Study aim: To assess the effects of 8-week endurance training in swimming on work capacity of boys aged 12 years.
Material and methods: The following groups of schoolboys aged 12 years were studied: untrained control (UC; n = 14) and those training swimming for two years. The latter ones were subjected to 8-week training in classical style (CS; n = 10) or free style (FS; n = 13). In all boys maximal oxygen uptake (O2max) was determined, and the CS and FS groups were subjected to 6 tests: swimming at 50 and 400 m distances (time recorded) and to 12-min swimming (distance recorded), all by free and classical styles pre- and post-training. From swimming times at 50 and 400 m distances the so-called critical swimming speed (CSS) was computed: CSS = (400 - 50) / (t400 - t50).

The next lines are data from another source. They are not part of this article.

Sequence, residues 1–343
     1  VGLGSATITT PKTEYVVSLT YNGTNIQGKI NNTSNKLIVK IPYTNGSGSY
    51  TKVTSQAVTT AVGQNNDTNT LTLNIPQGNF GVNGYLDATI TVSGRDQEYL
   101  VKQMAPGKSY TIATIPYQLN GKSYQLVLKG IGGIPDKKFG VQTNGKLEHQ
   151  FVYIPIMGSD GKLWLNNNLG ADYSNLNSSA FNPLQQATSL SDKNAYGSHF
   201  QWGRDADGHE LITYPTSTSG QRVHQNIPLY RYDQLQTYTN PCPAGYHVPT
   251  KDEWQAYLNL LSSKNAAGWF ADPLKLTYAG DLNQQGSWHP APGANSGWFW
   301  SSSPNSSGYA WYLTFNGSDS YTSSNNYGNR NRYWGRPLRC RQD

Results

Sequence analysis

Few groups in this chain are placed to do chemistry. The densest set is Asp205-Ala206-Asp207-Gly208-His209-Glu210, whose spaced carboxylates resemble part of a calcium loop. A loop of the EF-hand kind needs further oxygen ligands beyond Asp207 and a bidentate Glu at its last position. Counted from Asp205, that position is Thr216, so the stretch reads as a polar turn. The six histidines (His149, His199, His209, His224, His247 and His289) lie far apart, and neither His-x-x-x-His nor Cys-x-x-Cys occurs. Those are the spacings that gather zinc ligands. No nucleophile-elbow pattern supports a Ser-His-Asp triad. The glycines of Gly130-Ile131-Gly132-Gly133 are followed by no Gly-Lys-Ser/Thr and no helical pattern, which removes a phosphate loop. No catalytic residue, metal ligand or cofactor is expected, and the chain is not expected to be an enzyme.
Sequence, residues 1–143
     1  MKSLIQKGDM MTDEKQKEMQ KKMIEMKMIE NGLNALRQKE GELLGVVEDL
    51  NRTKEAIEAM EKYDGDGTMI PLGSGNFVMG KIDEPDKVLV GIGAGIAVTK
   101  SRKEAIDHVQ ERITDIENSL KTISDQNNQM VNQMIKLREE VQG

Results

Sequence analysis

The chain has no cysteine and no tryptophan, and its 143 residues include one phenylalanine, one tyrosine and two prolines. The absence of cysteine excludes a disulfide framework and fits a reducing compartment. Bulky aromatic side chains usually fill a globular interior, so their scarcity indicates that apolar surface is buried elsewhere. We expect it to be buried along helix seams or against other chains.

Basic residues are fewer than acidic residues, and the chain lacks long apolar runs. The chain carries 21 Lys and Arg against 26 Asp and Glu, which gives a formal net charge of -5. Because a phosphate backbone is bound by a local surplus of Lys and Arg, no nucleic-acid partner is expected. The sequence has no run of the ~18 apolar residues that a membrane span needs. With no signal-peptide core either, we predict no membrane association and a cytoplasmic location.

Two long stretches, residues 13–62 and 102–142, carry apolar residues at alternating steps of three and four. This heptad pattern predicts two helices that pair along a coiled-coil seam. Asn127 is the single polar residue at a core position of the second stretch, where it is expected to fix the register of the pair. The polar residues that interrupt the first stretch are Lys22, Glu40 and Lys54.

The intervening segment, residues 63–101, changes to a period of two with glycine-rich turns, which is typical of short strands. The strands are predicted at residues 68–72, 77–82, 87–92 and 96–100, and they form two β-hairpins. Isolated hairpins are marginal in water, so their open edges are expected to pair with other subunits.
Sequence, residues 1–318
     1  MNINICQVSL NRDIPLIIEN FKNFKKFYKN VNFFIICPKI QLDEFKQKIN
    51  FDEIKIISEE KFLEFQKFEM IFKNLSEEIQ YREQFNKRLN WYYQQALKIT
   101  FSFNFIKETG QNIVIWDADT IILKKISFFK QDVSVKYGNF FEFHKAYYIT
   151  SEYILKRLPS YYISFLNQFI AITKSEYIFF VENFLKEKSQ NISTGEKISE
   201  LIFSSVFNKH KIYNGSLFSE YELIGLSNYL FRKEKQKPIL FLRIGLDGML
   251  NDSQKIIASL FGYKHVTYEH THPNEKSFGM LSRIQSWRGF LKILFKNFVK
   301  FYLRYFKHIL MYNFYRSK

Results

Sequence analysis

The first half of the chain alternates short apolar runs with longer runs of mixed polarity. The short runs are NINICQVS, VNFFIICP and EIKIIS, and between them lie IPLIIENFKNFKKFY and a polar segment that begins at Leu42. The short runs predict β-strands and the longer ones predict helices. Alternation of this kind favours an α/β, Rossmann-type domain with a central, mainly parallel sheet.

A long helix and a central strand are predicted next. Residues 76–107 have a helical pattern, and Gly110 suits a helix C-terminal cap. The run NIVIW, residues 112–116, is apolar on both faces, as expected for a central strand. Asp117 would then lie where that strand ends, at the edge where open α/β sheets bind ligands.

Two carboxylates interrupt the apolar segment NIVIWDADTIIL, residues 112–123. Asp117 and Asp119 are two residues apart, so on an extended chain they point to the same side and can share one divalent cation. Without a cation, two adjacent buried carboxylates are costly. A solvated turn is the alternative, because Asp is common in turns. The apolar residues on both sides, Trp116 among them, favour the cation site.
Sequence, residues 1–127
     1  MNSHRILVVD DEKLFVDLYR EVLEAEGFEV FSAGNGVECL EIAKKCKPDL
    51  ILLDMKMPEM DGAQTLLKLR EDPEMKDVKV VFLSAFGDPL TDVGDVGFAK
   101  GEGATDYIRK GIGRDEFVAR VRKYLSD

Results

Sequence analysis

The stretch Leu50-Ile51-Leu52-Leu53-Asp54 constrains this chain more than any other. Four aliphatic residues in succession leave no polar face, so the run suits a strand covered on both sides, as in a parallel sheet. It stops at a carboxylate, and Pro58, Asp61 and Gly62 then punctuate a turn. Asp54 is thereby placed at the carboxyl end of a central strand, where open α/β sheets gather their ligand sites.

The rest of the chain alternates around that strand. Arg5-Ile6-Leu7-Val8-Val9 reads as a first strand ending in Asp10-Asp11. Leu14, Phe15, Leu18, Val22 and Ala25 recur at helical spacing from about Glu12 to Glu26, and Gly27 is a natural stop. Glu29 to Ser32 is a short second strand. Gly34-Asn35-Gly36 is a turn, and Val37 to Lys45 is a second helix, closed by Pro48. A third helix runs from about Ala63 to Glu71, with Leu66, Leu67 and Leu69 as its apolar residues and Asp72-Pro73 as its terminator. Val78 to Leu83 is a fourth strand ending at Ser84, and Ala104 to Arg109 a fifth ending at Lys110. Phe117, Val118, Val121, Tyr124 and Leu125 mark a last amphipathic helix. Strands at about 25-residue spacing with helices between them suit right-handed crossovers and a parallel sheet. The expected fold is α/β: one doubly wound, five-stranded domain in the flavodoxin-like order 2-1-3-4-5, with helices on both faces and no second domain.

Results: No training-induced improvement in O2max was noted in any group. Yet, boys subjected to classical style training significantly (p<0.05) improved their free-style swimming velocity at CSS and at the 400-m distance by about 6%, and their heart rate following the 12-min test in classical style decreased by nearly 16% (p<0.001) compared with the pre-training values.
Conclusions: The 8-week training in given swimming style does not negatively affect the performance in other style than the trained one. This may be of importance in competitive training.
Financed by the National Centre for Research and Development under grant No. SP/I/1/77065/10 by the strategic scientific research and experimental development program:
SYNAT - “Interdisciplinary System for Interactive Scientific and Scientific-Technical Information”.